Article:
If it survives the storm force 10 winds expected today then it is likely to survive a few more years.


How reassuring!


Not true, we had a very dodgy leaning tree near to where i lived back in 1987 that survived Hurricane Michael. We were very surprised when this tree survived the storm and stopped worrying about it. The next time we had a gale it fell down, thankfully not on top of anyone's house but did total someone's car.

So if it survives this gale that I can only suggest that it may have weakened it and could fall at some point in the future.


At the rate trees are getting chopped down in this island, we wont have any left soon, these trees are getting protected for a reason, I suggest that the tree was there before Mrs Black and that if she is worried, she should sell up and move out.


Why not grant permission on the condition that she plants another tree out of range of her house...or perhaps even two?


Good idea ... or even 4


Sell up? To whom?


People should always consider before planting trees in gardens.Height and span. Underground roots spread equals height of tree.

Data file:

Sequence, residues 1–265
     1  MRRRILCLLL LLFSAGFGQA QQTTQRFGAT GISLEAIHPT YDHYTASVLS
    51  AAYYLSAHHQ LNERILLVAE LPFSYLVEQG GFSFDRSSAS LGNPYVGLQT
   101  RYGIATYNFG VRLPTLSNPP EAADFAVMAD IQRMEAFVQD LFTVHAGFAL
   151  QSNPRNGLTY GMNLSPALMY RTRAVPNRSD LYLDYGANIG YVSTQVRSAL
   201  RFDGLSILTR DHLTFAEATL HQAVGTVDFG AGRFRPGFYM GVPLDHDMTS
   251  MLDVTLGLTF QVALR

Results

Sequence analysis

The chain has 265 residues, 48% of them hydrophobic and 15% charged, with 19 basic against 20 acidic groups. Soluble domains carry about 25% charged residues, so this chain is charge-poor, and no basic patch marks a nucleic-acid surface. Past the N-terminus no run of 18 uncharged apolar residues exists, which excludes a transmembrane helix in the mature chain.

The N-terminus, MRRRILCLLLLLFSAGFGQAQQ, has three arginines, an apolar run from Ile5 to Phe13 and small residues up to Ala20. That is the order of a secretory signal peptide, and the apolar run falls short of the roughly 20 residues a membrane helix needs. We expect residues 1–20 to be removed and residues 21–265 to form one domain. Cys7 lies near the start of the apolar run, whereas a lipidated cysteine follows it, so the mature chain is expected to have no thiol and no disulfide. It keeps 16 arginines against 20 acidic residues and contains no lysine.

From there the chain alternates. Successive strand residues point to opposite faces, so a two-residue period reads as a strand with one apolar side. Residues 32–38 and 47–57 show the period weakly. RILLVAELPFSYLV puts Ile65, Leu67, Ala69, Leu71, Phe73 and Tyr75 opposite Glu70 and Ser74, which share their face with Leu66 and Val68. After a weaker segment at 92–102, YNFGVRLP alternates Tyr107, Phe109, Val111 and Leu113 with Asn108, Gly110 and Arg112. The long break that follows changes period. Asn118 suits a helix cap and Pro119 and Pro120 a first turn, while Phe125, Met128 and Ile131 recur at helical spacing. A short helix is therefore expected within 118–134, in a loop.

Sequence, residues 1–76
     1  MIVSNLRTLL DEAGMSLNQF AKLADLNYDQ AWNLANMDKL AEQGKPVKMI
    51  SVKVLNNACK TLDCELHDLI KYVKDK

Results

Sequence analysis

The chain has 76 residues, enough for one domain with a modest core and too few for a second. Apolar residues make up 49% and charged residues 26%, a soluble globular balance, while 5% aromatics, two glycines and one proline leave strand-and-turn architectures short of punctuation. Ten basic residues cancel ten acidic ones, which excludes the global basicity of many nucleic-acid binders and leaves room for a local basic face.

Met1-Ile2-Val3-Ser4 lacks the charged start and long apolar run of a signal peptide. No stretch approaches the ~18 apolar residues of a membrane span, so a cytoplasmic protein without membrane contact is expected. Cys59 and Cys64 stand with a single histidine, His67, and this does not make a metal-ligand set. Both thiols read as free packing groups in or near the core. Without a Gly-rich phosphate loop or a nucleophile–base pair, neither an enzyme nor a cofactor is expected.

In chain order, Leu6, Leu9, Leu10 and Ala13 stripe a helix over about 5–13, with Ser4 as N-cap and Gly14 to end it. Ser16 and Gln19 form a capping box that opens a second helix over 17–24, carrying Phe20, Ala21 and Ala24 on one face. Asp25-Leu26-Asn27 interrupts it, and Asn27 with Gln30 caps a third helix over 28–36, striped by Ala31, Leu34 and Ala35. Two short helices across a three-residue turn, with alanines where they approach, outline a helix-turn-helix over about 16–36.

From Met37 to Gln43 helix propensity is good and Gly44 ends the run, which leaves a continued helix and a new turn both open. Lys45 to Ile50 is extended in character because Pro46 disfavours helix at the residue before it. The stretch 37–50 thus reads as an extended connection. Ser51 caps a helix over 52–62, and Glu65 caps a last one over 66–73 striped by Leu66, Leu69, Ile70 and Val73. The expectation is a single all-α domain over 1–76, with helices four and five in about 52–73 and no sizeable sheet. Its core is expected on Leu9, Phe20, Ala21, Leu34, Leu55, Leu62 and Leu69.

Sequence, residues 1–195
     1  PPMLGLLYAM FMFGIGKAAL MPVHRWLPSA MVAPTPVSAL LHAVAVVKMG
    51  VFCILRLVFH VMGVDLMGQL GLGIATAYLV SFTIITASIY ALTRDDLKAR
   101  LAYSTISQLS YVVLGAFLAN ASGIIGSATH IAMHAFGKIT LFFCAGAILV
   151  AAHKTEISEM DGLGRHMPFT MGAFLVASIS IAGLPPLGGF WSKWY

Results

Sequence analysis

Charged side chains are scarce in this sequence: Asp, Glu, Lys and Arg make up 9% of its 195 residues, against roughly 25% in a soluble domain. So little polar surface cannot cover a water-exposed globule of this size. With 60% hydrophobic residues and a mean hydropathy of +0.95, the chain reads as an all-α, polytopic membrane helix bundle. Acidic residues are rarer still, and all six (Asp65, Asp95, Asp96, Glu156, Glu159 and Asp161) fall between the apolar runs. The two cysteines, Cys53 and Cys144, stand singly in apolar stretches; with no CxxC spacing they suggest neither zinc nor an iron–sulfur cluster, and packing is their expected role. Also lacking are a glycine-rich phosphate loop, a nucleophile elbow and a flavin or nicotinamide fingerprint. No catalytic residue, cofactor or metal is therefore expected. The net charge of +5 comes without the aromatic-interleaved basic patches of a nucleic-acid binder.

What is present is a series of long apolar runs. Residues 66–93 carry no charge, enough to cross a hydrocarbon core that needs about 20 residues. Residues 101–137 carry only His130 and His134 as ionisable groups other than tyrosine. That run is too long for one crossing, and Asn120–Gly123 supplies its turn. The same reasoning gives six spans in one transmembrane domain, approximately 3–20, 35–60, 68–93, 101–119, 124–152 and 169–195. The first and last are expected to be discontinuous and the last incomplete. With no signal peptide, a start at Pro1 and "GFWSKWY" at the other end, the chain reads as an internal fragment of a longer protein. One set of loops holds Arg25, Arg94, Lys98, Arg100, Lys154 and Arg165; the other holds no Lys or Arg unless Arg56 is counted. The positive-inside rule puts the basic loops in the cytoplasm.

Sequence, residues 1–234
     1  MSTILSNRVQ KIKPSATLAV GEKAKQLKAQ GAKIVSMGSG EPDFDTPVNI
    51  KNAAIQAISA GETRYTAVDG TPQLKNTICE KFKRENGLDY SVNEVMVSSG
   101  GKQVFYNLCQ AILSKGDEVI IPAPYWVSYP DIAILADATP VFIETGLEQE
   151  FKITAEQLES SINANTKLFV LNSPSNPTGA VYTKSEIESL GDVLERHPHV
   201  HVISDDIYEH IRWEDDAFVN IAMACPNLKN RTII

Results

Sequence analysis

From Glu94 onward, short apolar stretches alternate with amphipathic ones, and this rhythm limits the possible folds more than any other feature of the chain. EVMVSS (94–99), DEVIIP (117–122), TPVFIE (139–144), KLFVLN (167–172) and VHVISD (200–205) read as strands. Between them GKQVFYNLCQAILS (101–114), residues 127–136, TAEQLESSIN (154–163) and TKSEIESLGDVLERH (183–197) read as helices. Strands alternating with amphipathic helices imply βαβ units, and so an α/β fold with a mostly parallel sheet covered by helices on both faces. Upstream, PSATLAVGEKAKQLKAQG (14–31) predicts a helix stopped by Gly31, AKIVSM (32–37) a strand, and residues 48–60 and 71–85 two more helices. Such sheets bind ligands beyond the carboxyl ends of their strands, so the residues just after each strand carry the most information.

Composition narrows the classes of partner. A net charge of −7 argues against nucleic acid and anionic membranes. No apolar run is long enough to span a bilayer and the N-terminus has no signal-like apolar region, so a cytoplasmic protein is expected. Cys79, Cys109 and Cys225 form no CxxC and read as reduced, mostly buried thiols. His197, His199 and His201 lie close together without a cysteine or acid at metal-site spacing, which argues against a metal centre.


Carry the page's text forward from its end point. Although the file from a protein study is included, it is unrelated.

Looking at photo of tree its needs to be taken down soon or lopped to prevent claiming off insurance for damage

Sarnia cherie, my heart longs for thee

It's not that easy, When I bought my house it had a tree preservation order TPO on a copper beech and it's in the deeds of the house that I cant touch it, so I thought ok. I wanted to get some tree surgeons in to fell some over tree's and it turned out there was a blanket TPO order in place on every tree in my property, so you might think you can cut these tree's down and you cant, and they might just be scabby old ferns! so lesson learned always check with the environment department when your thinking of buying a property.


I can't see any reason why it can't be reduced to take some height out of it.